Myth 1: The depth of shale & tight gas deposits means fracking is safe. There is no threat to groundwater which is a concern on the East Coast where CSG is extracted from shallower coal seams.

US studies have implicated shale gas in the contamination of groundwater with heavy metals, salts and gas. Contamination can occur from well casing failure due to faulty construction, repeated hydraulic fracturing or corrosion. Data from the US shows that 6.2% unconventional gas wells fail immediately, and 50% fail over 20 years (Claudio Brufatto et al, Oilfield Review, Autumn 2003). Millions of litres of hazardous wastewater are produced during gas extraction. There are multiple pathways for contamination of surface and/or groundwater during storage, transport and disposal of this wastewater.

Myth 2: Small amounts of chemical additives are used in fracking, and these are found in familiar household products.

Chemical additives make up only .5-2% of fracking fluid but this still translates into very large actual quantities. For example, a typical 15 million litre shale gas fracking operation would use between 80 and 330 tonnes of chemicals. Many fracking chemicals have not been assessed for their long-term impacts on the environment and human health. Fracking compounds used in Australia have been shown to include many hazardous substances, including: carcinogens, neurotoxins, reproductive toxins, irritants/sensitisers, and endocrine disruptors.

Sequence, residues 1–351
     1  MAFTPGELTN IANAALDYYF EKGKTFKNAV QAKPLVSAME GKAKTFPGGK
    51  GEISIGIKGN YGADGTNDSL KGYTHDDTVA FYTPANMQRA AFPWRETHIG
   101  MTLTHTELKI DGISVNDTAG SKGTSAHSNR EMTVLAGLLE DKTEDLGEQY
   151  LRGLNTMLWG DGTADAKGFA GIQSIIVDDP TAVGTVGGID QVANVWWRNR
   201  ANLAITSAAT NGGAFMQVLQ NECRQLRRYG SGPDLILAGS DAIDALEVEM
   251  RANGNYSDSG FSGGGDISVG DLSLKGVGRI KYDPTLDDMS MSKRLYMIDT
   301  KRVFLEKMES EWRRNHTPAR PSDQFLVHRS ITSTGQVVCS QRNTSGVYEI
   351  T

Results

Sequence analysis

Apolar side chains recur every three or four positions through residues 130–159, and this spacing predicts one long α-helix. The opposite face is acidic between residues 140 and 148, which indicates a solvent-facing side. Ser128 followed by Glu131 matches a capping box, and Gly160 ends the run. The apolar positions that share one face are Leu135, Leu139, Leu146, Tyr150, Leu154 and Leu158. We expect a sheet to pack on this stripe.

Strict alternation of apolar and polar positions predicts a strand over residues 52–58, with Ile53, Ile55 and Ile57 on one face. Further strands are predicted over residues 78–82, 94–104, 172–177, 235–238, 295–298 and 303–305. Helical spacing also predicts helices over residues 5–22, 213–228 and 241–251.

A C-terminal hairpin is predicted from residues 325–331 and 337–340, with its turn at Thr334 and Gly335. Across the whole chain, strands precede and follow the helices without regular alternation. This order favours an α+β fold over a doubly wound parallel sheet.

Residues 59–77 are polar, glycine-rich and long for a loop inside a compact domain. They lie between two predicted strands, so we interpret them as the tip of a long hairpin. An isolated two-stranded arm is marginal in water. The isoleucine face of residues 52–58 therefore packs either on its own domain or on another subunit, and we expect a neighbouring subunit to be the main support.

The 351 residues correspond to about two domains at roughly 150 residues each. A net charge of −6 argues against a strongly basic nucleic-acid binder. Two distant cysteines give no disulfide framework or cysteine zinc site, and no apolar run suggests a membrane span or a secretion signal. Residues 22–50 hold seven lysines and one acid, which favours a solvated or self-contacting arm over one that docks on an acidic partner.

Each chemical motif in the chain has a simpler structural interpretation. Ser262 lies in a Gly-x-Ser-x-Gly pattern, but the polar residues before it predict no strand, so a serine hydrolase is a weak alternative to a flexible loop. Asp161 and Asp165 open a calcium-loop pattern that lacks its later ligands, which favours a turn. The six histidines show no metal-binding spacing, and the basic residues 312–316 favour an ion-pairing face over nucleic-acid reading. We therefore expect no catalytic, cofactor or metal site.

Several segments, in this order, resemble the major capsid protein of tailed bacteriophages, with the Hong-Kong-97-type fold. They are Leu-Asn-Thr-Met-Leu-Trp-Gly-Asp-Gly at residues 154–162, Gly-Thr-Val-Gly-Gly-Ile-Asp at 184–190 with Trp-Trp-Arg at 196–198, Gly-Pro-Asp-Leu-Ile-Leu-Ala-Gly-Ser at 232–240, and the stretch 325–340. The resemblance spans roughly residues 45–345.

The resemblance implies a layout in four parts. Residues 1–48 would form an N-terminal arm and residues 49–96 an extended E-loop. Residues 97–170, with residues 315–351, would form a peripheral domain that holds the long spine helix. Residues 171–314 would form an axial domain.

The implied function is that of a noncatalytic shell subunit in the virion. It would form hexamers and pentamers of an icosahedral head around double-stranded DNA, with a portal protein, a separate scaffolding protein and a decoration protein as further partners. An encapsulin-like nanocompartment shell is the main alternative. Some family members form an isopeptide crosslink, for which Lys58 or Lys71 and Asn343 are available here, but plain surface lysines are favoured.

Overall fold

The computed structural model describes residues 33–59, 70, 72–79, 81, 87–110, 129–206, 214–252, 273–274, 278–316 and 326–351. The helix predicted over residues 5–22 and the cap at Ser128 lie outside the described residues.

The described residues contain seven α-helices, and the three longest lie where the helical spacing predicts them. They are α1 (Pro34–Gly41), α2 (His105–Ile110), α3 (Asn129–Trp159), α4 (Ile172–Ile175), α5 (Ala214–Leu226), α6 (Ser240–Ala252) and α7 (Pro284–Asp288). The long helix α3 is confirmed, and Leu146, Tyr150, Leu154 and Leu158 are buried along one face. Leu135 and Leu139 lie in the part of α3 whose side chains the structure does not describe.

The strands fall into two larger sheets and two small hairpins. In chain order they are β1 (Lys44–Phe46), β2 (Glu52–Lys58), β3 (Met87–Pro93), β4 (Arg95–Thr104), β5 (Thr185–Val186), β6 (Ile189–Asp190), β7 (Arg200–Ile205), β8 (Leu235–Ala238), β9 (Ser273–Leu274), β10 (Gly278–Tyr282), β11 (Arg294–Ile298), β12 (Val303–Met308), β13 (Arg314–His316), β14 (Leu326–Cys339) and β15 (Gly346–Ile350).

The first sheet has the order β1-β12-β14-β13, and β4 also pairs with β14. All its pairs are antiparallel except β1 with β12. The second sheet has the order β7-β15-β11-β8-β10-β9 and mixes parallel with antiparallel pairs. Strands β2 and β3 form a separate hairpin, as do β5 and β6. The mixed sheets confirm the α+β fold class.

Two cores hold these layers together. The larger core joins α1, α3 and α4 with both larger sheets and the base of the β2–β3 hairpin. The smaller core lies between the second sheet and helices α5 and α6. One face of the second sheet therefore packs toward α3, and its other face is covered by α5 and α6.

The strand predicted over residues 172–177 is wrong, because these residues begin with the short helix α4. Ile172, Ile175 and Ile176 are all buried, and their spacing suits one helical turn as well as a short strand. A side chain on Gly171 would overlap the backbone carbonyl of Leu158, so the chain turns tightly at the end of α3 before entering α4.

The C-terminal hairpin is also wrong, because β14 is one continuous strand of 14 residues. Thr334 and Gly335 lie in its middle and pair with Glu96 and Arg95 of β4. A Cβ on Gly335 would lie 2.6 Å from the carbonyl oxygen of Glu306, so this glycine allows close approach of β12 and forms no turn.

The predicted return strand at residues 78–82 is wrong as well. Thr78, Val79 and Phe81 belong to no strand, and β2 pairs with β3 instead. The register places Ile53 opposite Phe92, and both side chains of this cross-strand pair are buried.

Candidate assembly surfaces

Myth 3: The gas industry will create jobs and revive ailing rural economies.

The oil and gas industry is one of the smallest employers in Australia, employing less than .2% of the Australian workforce. Most gas industry jobs are required for the construction phase-they are not ongoing. The skilled workers that are needed by the industry are usually flown in from elsewhere. Those employed locally are usually poached from local industries that have spent years training them. 84% of mining profits go to overseas shareholders.